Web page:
Nutraceutical manufacturers have been introducing a range of sleep supplements to help meet the growing needs of Americans who are looking for ways to get a restful night’s sleep. More consumers are turning to herbal and natural sleep supplements. According to Herbal Supplements and Remedies: A Global Strategic Business Report by Global Industry Analysts (a market research company based in California) the global herbal supplements and remedies market is expected to reach nearly $100 billion by 2015. 4
As more Americans realize the benefits of sufficient sleep, consumer demand for sleep supplements will rise. Packaged Foods, a leading provider of market research information based in Maryland, expects the OTC sleep aids market to be valued at $759 million by 2013. According to BCC Research, a market research resource based in Massachusetts, the global sleep aids market was estimated to be worth $25 billion in 2009 and predicted to grow up to 2014 at 5.8 percent compound annual growth rate (CAGR). 5-6
Ingredients to Consider When Manufacturing Sleep Support Supplements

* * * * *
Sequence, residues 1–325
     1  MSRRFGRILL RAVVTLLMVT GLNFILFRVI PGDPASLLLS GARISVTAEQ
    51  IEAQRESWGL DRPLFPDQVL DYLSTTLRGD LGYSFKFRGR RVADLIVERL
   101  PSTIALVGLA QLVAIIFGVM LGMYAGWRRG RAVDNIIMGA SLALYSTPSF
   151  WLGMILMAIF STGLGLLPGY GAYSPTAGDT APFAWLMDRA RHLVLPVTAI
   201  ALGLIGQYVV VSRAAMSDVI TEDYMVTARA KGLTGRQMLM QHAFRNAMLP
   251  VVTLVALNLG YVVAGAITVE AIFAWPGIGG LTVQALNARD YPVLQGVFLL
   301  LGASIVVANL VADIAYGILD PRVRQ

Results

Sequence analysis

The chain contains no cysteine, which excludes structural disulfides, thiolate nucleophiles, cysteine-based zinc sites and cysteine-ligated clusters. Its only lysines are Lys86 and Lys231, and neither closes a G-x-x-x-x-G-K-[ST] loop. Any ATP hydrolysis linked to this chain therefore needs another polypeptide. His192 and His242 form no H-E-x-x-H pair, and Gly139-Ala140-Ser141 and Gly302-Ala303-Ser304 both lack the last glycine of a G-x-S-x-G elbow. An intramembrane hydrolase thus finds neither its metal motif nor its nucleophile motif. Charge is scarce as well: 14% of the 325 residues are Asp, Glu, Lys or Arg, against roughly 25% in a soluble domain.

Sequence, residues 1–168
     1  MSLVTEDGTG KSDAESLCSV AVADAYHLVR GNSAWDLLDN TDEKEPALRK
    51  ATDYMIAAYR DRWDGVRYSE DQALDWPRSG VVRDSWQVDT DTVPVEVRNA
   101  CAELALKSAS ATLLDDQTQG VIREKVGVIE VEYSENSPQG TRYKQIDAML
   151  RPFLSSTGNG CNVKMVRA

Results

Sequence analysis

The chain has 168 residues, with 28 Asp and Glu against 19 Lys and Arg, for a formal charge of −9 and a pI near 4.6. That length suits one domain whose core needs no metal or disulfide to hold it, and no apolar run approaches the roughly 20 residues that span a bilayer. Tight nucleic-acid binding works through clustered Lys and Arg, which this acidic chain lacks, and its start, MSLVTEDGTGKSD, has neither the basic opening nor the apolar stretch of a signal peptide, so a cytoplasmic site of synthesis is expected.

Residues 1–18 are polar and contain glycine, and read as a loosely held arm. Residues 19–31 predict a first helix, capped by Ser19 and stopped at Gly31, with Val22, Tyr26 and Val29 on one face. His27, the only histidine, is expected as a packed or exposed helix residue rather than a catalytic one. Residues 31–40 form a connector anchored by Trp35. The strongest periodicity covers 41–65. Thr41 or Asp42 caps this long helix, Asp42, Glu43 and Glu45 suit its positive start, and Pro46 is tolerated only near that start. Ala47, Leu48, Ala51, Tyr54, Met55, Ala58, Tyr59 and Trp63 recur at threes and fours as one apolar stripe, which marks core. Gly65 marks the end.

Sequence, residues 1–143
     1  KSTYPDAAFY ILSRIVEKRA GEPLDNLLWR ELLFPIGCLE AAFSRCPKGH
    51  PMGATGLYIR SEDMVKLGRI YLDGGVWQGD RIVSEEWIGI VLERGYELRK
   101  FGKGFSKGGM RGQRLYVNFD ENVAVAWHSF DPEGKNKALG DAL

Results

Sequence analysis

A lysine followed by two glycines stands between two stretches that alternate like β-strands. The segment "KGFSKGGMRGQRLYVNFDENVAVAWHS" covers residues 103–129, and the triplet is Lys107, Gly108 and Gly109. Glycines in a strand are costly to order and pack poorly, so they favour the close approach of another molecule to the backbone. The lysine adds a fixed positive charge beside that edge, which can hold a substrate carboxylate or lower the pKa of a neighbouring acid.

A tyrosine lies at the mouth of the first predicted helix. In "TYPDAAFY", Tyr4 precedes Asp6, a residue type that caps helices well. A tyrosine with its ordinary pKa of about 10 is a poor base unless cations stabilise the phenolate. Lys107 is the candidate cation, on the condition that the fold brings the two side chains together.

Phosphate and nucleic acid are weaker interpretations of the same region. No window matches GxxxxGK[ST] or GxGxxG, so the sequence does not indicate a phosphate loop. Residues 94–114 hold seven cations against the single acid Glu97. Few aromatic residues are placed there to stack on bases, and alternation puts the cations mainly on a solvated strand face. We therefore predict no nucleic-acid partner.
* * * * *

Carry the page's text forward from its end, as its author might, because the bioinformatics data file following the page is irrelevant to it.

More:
In a recent study published in Phytotherapy Research, a team of scientists tested the calming powers of a cup of passion flower tea against a cup of parsley tea. The group that was given passion flower reported an increase in sleep quality by 5 percent against the group given parsley tea. This study is the first to find evidence that supports Passiflora incarnata’s ability to improve perceived sleep quality. It introduces the possibility of using a low serving of Passiflora incarnata, in the form of tea, to manage mild sleep quality complaints. 7
Other popular ingredients that supplement manufacturers can use in natural sleep aid supplements include:
Chamomile has several calming properties, but the flowers in particular are known to produce a calming effect on the mind preparing the body for sleep. It is popularly used as a bedtime tea. 8
Valerian is one of the most popular herbs used for sleep support. Valerian root has a calming effect on the nervous system. In this day and age, when round-the-clock technology keeps us alert 24/7, valerian may help to bring rest to an overactive mind. It is often combined with other herbs that have a calming effect such as lavender, lemon, balm, skullcap, and hops.